Examine these key metrics to measure strength of a workplace
Companies can rely on data to build trust and create a strong workplace culture. The process of surveying, thanking employees for their feedback and doing something with that data shows employees they matter.
When employees feel heard, they are more likely to share feedback and information. This tells leaders what’s going on and where improvements are needed.
Senior leaders and human resources teams should regularly review metrics to track process, including:
- Employee engagement – Measuring employee engagement helps to understand whether employees are bringing their hearts and minds to work every day.
- Diversity – This should be front and center to measure progress. Diversity, equity and inclusion boosts employee trust and commitment, directly impacting recruitment and retention. Inclusion ensures all employees are supported and valued, and all are contributing.
- Goals – Successful companies set goals at all levels and work consistently to achieve them. Tracking individual goal achievement can help identify where an organization has challenges before it becomes a drag on business performance.
- Turnover – Organizations need to retain top talent while managing poorer performers out. Losing the wrong people can come at considerable cost.
- Vacation days used – Even when companies offer generous time off, employees might not use it for many reasons. When employees don’t take vacation, burnout increases, engagement declines and productivity suffers.
- Absenteeism/sick days taken – A sudden increase in sick days taken, especially if vacation days remain unused, could signal it’s time to check in.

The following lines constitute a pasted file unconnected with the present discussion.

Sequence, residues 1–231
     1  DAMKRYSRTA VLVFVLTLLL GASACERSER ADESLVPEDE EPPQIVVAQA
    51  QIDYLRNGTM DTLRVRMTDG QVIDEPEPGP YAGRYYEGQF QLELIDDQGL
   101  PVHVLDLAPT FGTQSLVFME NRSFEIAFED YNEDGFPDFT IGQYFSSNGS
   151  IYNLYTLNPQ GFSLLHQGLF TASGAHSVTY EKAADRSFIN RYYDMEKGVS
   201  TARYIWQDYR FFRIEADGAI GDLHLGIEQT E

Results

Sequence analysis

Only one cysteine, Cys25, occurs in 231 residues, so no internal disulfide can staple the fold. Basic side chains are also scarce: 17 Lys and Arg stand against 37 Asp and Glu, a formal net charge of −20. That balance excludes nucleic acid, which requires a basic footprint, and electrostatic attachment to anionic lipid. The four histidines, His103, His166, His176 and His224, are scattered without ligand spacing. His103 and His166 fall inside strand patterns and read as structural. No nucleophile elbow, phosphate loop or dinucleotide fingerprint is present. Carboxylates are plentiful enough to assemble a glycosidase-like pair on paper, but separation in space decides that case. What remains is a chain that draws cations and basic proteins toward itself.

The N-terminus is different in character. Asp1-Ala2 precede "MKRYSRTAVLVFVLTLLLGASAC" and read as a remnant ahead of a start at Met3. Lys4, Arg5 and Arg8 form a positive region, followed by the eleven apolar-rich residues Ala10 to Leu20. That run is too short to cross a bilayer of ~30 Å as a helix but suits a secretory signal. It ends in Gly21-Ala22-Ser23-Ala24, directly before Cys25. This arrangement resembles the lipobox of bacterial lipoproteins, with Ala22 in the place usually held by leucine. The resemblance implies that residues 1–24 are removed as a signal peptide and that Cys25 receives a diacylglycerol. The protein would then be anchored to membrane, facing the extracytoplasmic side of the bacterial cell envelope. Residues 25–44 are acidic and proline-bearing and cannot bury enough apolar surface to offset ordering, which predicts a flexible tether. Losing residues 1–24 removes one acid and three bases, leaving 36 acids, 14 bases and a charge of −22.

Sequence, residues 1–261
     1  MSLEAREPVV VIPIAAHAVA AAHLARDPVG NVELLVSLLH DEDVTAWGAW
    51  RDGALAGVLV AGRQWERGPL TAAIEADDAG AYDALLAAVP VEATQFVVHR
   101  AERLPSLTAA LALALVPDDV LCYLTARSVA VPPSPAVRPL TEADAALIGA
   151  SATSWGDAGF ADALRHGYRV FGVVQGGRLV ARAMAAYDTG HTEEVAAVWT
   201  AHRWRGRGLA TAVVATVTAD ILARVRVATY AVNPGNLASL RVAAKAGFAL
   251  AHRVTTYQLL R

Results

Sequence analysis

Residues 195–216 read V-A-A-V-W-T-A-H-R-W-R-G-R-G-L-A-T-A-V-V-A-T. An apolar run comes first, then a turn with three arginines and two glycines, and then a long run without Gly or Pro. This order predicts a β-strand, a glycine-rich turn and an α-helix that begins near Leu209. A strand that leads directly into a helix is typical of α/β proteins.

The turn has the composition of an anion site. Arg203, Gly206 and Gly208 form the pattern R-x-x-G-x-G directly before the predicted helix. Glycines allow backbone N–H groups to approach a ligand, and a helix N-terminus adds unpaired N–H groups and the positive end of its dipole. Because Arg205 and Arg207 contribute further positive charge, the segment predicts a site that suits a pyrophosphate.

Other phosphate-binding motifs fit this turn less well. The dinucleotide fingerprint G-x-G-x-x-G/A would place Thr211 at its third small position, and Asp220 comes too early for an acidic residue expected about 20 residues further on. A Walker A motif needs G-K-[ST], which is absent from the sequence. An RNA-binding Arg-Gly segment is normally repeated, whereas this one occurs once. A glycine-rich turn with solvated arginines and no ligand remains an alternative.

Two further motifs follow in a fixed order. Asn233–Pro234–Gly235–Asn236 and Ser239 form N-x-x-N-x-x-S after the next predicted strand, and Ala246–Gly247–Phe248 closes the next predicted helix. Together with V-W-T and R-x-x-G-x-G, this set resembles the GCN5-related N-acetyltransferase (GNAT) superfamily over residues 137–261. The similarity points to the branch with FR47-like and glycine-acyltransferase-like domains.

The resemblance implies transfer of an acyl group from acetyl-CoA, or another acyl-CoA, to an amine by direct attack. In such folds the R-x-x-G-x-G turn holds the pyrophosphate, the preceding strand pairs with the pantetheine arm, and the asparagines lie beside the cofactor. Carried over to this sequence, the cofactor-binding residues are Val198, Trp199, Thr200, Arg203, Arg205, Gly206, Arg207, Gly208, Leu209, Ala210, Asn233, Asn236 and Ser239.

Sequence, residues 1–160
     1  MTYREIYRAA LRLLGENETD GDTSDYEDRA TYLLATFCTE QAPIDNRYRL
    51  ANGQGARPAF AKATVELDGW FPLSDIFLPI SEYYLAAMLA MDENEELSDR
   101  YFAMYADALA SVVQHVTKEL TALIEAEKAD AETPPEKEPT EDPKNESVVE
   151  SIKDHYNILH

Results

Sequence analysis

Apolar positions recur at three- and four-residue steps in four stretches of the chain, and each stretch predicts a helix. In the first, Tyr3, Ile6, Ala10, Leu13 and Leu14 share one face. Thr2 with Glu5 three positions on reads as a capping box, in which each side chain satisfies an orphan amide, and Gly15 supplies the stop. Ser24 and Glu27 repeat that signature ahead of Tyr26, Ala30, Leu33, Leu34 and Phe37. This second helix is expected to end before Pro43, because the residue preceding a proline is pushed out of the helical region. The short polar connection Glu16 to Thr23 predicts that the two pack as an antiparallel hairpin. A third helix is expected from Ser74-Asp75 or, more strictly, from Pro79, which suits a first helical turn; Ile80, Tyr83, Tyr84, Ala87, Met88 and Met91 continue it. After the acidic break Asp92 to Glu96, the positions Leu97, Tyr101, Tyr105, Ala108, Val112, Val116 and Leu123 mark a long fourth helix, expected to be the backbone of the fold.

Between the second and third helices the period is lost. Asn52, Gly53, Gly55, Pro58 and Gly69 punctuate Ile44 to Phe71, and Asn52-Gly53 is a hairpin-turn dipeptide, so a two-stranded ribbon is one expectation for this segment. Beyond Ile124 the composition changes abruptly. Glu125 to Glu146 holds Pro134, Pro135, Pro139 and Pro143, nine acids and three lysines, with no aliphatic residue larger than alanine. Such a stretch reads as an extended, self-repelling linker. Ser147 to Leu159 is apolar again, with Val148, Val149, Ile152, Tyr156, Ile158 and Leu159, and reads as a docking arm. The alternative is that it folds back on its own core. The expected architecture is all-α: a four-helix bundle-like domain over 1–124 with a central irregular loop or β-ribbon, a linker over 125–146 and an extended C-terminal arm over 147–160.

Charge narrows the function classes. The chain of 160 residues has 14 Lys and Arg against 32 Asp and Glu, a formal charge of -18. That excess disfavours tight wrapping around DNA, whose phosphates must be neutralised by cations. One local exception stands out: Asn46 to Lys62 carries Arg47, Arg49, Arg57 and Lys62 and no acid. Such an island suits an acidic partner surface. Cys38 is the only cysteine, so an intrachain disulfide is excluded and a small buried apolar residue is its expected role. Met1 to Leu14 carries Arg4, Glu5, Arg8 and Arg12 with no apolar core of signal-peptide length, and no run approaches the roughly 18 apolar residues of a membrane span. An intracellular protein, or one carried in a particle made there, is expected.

Other key metrics to help gauge the effectiveness of HR programs and initiatives include compensation/award metrics, internal promotions, revenue per employee, and time and/or cost of hire.
Another key point: Top Workplaces make sure to avoid a culture of burnout. By using surveys to help gauge how employees are doing emotionally, organizations can spot signs of burnout before it happens and step in with additional support.
Giving employees the option to provide feedback promotes wellness, said Greg Barnett, chief people scientist at Energage. When employees can voice how they feel, there’s a layer of psychological safety. Employees know they’re being seen and heard.
Strong organizations use employee feedback to achieve great cultures that are people-centric. The biggest thing Energage sees when it comes to organizations that achieve and sustain great cultures is the ability to receive feedback and proactively make changes based on that feedback, Barnett said.
Healthy organizations with great employee cultures are open to making changes based on feedback from workers. Top Workplaces recognize workplace culture has a direct correlation with business performance.
Bob Helbig is media partnerships director at Energage, a Philadelphia-based employee survey firm. Energage is The Washington Post’s survey partner for Top Workplaces.
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